Crankcase fuel would require holes in three diaphragms at the same time.
Hello Dan- well, engine driven fuel pumps are pretty **** reliable, and I agree that those failure modes would be rare events, but I still think
The parallel nature of the typical installation is a good exampleof bad redundancy. I’v seen a lot of aircraft missing the overboarding line, though, and these would result in fuel in the engine compartment with a ruptured lower diphram with the boost pump on. A pre-existing rupture of the upper diaphram would set the stage for pumping fuel into the crankcase(good idea to check for oil from the overboard li e as part of preflight). Blocking flow would reuire some serious debris from a pump failure preventing throughput, admittedly unlikely.

Thanks for ypurresponse!- Otis
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RV-7A (bought)
Built Monnett Moni
Frmr Test Pilot/Author CAFE APR's:
RV-8A, S-7C, Europa, Glastar.
-2019 VAF donation!!-
"RV-Fun is inversely proportional to RV-Weight!"
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  #10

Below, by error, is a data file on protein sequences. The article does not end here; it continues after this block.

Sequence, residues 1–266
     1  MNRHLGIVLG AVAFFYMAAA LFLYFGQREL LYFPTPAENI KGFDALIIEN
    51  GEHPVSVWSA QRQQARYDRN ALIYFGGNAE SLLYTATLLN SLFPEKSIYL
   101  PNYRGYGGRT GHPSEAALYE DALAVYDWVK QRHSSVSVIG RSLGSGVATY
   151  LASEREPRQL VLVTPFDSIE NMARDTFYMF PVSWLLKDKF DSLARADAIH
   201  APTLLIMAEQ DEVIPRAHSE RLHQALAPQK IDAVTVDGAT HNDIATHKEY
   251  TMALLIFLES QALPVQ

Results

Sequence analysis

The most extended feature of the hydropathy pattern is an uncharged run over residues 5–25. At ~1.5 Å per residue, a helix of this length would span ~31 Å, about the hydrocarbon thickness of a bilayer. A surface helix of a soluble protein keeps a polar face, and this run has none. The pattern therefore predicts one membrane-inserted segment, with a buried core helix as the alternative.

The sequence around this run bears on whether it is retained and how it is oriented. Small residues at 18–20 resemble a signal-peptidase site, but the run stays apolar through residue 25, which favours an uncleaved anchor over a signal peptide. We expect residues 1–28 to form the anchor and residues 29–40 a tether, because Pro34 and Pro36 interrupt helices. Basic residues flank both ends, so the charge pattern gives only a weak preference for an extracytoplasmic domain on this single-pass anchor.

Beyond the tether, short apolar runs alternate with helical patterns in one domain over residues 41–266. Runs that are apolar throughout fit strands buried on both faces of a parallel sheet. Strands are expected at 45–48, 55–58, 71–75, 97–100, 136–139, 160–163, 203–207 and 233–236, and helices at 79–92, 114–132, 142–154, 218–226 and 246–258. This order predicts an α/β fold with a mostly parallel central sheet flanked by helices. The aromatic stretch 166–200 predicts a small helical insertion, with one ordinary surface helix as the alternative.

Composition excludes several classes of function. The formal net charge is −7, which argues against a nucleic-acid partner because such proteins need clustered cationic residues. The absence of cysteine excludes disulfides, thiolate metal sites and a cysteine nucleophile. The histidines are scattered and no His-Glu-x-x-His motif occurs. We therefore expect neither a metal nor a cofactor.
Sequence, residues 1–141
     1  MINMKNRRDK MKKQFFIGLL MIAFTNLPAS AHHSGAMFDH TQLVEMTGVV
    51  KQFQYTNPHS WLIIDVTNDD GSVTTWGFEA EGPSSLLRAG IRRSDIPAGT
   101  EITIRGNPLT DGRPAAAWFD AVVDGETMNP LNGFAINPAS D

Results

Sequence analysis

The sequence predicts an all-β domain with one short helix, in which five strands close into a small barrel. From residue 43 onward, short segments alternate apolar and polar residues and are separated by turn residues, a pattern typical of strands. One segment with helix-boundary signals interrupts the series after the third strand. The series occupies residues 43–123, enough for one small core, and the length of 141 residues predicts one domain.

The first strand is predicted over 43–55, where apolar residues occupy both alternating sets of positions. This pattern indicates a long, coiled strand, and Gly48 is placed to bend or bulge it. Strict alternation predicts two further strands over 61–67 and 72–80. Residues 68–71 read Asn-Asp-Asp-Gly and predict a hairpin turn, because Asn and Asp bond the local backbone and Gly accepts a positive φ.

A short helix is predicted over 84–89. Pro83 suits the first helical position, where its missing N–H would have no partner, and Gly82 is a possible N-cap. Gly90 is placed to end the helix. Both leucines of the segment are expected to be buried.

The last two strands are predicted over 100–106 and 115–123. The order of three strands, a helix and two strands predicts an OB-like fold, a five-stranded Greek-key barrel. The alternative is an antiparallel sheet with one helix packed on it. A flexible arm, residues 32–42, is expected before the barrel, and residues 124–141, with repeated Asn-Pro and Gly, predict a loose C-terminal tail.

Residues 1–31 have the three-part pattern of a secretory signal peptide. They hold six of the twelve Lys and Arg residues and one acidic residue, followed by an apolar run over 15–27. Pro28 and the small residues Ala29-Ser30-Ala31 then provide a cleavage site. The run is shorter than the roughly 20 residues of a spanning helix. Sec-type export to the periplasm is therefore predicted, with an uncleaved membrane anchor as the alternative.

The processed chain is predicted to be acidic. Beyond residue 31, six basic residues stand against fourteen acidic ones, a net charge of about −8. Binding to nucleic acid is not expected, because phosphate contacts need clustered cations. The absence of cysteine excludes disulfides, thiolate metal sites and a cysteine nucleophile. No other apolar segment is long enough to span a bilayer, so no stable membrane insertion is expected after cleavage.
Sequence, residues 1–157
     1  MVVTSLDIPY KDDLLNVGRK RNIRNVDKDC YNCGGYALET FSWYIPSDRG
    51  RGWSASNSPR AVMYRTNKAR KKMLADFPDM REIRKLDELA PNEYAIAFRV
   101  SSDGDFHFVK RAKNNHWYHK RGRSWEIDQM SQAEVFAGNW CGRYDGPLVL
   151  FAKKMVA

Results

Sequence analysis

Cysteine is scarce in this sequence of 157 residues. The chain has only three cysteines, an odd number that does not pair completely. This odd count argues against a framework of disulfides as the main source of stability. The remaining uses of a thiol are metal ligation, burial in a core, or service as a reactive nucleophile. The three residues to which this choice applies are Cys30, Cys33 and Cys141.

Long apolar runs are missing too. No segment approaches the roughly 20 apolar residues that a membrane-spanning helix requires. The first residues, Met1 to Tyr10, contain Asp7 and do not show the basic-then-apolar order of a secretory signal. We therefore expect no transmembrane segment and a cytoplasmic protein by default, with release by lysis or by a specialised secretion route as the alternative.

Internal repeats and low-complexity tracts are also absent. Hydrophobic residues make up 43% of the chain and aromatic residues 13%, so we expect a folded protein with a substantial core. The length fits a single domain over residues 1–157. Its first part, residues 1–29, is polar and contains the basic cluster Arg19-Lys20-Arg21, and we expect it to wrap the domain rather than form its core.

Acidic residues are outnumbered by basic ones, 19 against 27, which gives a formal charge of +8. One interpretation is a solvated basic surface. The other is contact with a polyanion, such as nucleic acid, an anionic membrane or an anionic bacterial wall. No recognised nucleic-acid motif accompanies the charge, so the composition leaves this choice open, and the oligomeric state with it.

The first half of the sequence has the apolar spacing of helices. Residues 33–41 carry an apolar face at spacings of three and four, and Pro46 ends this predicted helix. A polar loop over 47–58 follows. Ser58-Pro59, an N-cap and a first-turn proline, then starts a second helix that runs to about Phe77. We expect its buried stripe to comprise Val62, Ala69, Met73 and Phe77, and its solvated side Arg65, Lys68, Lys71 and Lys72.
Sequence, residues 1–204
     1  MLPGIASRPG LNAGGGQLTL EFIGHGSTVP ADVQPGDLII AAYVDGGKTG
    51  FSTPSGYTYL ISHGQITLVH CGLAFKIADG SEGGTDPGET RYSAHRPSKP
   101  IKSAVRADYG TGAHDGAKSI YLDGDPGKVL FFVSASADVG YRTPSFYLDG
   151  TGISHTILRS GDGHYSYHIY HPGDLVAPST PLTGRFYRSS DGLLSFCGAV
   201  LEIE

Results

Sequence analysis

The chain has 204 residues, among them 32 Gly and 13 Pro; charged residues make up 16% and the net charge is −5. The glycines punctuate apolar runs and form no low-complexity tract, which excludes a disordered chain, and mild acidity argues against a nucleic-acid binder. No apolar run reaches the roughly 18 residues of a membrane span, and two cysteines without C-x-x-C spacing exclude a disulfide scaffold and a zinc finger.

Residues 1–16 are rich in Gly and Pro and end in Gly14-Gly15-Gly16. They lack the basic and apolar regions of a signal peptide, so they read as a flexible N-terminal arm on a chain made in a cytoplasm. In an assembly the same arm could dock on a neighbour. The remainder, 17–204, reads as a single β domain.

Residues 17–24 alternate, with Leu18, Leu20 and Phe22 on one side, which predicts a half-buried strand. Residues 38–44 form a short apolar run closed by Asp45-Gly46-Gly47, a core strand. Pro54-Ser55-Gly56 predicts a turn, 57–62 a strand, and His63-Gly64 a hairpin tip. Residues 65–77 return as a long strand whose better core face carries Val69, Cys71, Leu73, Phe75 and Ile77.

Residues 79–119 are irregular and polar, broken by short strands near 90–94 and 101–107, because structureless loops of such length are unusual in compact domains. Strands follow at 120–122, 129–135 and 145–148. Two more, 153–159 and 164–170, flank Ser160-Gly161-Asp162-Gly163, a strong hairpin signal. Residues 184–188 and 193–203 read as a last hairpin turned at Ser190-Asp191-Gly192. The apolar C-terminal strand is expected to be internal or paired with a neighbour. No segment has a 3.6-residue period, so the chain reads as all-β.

Old 03-29-2019, 05:13 PM
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Hartstoc Hartstoc is offline
 
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Quote:
Originally Posted by snopercod View Post
When building my plane, the question arose, "Should I put my electric boost pump in series or parallel with the mechanical fuel pump?" I chose series but know of people who chose parallel. On your list, it seems to me that item 5 conflicts with item 2 (simplicity) in this case. Putting the two pumps in parallel requires the addition of two check valves - either of which could leak or fail to prevent back flow, thus disabling the entire system. I think I'm sticking with what I've got.
Point taken, but there are limits to simplicity. Most electric pumps have very tiny checkvalves built in. The ones I’ll be adding are industrial duty but light weight so I accept the slightly more complex nature of the installation. The violation of redundancy would be to have one check valve serve both pumps.- Otis
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RV-7A (bought)
Built Monnett Moni
Frmr Test Pilot/Author CAFE APR's:
RV-8A, S-7C, Europa, Glastar.
-2019 VAF donation!!-
"RV-Fun is inversely proportional to RV-Weight!"